• Levels should not be relied on exclusively. For example, it is dangerous to assume the price will reverse after hitting a specific Fibonacci level. It may, but it also may not.
  • Fibonacci retracement levels are most frequently used to provide potential areas of interest. If a trader wants to buy, they watch for the price to stall at a Fibonacci level and then bounce off that level before buying.
  • The most commonly used ratios include 23.6%, 38.2%, 50%, 61.8% and 78.6%. These represent how much of a prior move the price has corrected or retraced.

The Formulas for Fibonacci Retracement Levels Are:

The indicator itself doesn’t have any formulas. When the indicator is applied to a chart the user chooses two points. Once those two points are chosen, the lines are drawn at percentages of that move.

If the price rises from $10 to $15, and these two prices levels are the points used to draw the retracement indicator, then 23.6% level will be at $13.82 ($15 – ($5 x 0.236)) = $13.82. The 50% level will be at $12.50 ($15 – ($5 x 0.5)) = $12.50.

How to Calculate Fibonacci Retracement Levels

As discussed above, there is nothing to calculate when it comes to Fibonacci retracement levels. They are simply percentages of whatever price range is chosen.

You may wonder where these numbers come from, though. They are based on something called the Golden Ratio.

If you start a sequence of numbers with zero and one, and then keep adding the prior two numbers, you end up with a number string like this:

0, 1, 1, 2, 3, 5, 8, 13, 21, 34, 55, 89, 144, 233, 377, 610, 987. with the string continuing on indefinitely.

The Fibonacci retracement levels are all derived from this number string. Excluding the first few numbers, as the sequence gets going, if you divide one number by the next number you get 0.618, or 61.8%. Divide a number by the second number to its right and you get 0.382 or 38.2%. All the ratios, except for 50% since it is not an official Fibonacci number, are based on some mathematical calculation involving this number string.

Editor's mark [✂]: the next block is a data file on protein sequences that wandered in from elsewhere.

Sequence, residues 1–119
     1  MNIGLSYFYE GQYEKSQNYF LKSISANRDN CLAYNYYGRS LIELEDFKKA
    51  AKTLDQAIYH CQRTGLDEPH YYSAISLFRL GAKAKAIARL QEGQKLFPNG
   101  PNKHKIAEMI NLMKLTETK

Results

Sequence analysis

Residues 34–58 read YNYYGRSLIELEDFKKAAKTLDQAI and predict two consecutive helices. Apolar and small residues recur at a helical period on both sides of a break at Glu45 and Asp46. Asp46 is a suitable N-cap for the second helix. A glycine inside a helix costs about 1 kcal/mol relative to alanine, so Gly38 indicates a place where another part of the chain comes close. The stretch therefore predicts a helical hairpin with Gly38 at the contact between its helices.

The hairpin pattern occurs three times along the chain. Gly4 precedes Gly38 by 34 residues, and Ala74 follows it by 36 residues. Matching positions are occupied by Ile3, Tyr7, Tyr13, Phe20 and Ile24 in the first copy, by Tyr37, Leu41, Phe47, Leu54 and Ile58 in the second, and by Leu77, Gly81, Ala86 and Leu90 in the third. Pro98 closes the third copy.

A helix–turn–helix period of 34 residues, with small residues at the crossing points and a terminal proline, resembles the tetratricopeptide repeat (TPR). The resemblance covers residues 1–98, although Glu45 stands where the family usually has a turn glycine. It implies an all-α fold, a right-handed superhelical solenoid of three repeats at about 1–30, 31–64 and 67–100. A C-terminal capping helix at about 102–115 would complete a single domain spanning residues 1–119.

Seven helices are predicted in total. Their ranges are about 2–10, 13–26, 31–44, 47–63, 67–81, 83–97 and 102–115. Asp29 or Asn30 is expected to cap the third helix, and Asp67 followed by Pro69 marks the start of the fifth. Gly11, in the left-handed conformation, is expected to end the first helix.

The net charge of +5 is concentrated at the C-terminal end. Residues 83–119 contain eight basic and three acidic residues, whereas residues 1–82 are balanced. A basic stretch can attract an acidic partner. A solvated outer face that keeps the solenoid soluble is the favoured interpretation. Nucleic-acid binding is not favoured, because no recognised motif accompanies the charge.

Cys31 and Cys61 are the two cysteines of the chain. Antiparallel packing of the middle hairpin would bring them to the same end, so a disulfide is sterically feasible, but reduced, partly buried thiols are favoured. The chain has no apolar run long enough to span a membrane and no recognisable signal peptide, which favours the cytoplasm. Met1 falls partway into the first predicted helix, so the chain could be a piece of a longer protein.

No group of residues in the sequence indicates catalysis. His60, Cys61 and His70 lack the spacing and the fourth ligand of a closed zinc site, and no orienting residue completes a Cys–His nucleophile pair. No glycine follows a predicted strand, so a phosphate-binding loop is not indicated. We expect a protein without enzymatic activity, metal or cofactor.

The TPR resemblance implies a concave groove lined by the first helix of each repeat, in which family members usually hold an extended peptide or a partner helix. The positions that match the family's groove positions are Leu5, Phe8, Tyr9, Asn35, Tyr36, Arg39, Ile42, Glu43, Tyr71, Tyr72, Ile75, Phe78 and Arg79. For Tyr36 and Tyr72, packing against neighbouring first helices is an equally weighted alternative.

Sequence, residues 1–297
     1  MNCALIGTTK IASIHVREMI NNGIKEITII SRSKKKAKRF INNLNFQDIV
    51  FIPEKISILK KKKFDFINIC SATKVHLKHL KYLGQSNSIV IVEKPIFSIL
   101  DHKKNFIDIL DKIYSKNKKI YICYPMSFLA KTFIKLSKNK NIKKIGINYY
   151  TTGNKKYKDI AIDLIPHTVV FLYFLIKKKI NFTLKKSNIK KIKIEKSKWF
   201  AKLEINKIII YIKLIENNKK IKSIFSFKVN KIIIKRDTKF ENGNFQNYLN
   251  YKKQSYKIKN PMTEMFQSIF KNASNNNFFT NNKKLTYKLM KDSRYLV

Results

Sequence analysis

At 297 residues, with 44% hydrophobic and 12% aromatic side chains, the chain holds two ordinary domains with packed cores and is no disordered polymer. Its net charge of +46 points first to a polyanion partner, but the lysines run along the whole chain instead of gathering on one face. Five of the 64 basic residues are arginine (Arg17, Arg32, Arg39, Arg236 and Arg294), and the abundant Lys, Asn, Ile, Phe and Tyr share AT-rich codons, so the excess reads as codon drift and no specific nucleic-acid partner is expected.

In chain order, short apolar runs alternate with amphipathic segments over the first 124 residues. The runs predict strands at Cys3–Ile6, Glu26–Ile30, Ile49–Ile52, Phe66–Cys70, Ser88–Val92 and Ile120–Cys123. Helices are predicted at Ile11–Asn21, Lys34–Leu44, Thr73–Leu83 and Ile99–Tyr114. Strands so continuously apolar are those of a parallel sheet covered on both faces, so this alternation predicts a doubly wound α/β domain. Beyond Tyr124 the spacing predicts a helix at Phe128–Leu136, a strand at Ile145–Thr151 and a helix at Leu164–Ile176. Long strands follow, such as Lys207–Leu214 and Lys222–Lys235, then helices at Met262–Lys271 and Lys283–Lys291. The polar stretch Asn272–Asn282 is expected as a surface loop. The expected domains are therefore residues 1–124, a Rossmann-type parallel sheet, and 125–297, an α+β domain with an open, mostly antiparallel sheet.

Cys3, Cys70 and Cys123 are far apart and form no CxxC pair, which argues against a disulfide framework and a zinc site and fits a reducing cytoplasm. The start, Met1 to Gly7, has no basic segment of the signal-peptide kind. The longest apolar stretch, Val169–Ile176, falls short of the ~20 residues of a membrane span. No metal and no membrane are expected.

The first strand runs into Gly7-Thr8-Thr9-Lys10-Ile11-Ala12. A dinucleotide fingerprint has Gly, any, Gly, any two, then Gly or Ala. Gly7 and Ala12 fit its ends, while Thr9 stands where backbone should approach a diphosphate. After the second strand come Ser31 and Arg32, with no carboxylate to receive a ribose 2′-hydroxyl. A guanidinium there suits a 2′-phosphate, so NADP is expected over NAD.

Interestingly, the Golden Ratio of 0.618 or 1.618 is found in sunflowers, galaxy formations, shells, historical artifacts and architecture.

Fibonacci Retracement

What Do Fibonacci Retracement Levels Tell You?

Fibonacci retracements can be used to place entry orders, determine stop loss levels, or set price targets. For example, a trader may see a stock moving higher. After a move up it retraces to the 61.8%% level, and then starts to bounce again. Since the bounce occurred at a Fibonacci level, and the longer trend is up, the trader decides to buy. They could set a stop loss at the 78.6% level, or the 100% level (where the move started).

Fibonacci levels are used in other forms technical analysis as well. For example, they are prevalent in Gartley patterns and Elliott Wave theory. After a significant price movement up or down, when the price retraces (which it always does), these forms of technical analysis find the retracements will tend to reverse near certain Fibonacci levels.

Fibonacci retracement levels are static prices that do not change, unlike moving averages. The static nature of the price levels allows for quick and easy identification. This allows traders and investors to anticipate and react prudently when the price levels are tested. These levels are inflection points where some type of price action is expected, either a rejection or a break.

The Difference Between Fibonacci Retracements and Fibonacci Extensions

While Fibonacci retracements apply percentages to a pullback, Fibonacci extensions apply percentages to a move back in the trending direction. For example, a stock goes from $5 to $10, and then back to $7.50. The move from $10 to $7.50 is a retracement. If the price starts rallying again and goes to $16, that is an extension.

Limitations of Using Fibonacci Retracement Levels

While the retracement levels indicate where the price could potentially find support or resistance, there are no assurances the price will actually stop there. This is why other confirmation signals are often used, such as the price actually starting to bounce off the level.

The other argument against Fibonacci retracement levels is that there are so many of them that the price is likely to reverse near one of them quite often. The problem is that in advance traders struggle to know which one will be useful on the current retracement they are analyzing.